NMPF led eleven national agricultural, anti-hunger, nutrition and medical groups in a virtual listening session June 30 urging the White House to place a high priority on access to affordable, diverse and nutritious foods when it holds its Conference on Hunger, Nutrition, and Health this September.

The NMPF-organized session, which included the International Dairy Foods Association, the National Dairy Council and other allies, offered the White House both expertise and lived experience from a wide range of organizations on how important increased access to food and a diverse range of food choices are to fight nutrition insecurity and improve nutrition-related health.

“When the White House announced its Conference on Hunger, Nutrition, and Health, we at NMPF were excited by the potential for this conference to help propel meaningful advancement toward achieving the conference’s stated goals of ending hunger, increasing healthy eating and physical activity, and decreasing the prevalence of diet-related diseases in America,” said NMPF President and CEO Jim Mulhern in remarks at the session.

Also sharing stories and potential solutions at the listening session were American Academy of Pediatrics, American Society for Nutrition, Feeding America, Food Research and Action Center, and International Fresh Produce Association, the School Nutrition Association and United Egg Producers.

The effort was part of a broader drive to provide input to the White House as it crafts its strategy to end hunger and increase healthy eating and physical activity by 2030, which the White House has said it plans to release at the September conference.

NMPF, Allied Groups Tell White House: Prioritize Food Access at Hunger Conference

The National Milk Producers Federation (NMPF) led eleven national agricultural, anti-hunger, nutrition and medical groups today in a virtual listening session urging the White House to place a high priority on access to affordable, diverse and nutritious foods when it holds its Conference on Hunger, Nutrition, and Health this September.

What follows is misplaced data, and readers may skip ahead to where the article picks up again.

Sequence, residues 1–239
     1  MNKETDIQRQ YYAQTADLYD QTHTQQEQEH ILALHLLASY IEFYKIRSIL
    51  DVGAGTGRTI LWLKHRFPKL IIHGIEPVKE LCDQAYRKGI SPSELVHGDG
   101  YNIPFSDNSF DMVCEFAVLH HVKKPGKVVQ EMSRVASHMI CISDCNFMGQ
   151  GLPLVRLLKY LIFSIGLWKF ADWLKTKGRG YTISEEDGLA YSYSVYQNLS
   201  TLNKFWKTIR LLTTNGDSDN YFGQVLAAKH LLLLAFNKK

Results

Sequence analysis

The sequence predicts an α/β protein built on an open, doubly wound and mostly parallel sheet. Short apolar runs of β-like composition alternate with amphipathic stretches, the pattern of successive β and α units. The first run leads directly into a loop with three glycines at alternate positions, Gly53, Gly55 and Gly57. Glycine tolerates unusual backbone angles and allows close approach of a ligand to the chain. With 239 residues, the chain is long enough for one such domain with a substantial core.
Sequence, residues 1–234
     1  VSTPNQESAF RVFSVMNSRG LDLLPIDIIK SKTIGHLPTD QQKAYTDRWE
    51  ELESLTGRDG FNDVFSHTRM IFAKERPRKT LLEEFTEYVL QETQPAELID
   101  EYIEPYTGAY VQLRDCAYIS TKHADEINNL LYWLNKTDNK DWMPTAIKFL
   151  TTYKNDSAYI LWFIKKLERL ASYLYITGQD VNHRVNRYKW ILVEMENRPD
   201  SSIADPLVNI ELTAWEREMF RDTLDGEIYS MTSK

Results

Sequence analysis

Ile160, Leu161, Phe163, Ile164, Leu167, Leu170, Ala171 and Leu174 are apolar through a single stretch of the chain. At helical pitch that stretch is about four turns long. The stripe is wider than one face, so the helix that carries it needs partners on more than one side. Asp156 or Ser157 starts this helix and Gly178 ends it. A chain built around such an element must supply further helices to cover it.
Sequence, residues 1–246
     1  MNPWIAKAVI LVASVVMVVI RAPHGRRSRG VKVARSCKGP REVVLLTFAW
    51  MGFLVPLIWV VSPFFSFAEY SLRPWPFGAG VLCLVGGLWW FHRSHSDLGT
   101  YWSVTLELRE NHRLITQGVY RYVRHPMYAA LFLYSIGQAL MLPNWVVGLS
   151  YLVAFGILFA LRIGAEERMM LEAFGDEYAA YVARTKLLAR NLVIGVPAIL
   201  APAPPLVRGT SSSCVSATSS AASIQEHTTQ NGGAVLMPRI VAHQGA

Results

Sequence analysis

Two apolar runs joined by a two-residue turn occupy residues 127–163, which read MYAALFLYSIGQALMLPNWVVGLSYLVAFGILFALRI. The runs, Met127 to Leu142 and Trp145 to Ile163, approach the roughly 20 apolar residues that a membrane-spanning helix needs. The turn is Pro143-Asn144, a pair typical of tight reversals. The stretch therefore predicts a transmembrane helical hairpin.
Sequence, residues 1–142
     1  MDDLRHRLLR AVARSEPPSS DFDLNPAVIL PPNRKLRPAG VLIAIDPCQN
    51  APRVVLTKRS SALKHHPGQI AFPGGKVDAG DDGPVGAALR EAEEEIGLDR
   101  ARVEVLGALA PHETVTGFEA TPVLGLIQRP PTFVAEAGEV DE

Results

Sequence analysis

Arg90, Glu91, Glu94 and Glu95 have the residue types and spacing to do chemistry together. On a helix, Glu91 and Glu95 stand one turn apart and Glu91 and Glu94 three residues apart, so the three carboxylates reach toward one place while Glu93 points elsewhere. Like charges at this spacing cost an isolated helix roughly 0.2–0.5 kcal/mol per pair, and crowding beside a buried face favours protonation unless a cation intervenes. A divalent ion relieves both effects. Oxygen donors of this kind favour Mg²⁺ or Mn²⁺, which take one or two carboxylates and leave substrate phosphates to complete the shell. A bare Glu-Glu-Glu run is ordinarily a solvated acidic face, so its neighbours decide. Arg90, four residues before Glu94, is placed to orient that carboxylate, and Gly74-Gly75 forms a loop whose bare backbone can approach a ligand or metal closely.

The NMPF-organized session offered the White House both expertise and lived experience from a wide range of organizations on how important increased access to food and a diverse range of food choices are to fight nutrition insecurity and improve nutrition-related health.

“When the White House announced its Conference on Hunger, Nutrition, and Health, we at NMPF were excited by the potential for this conference to help propel meaningful advancement toward achieving the conference’s stated goals of ending hunger, increasing healthy eating and physical activity, and decreasing the prevalence of diet-related diseases in America,” said NMPF President and CEO Jim Mulhern in remarks at the session. “We, and our collaborators on this listening session, share these goals and know from personal experience and decades of working on this issue that increasing access to food is critical to attaining them.”

The participating organizations said of the session and the White House conference:

“Eggs are one of the most affordable sources of high-quality protein available and can play an important role in fighting food insecurity and malnutrition in America and the world,” said Dr. Mickey Rubin of American Egg Board’s Egg Nutrition Center. “America’s egg farmers are committed to ensuring that nutritious, affordable eggs remain accessible to all Americans.”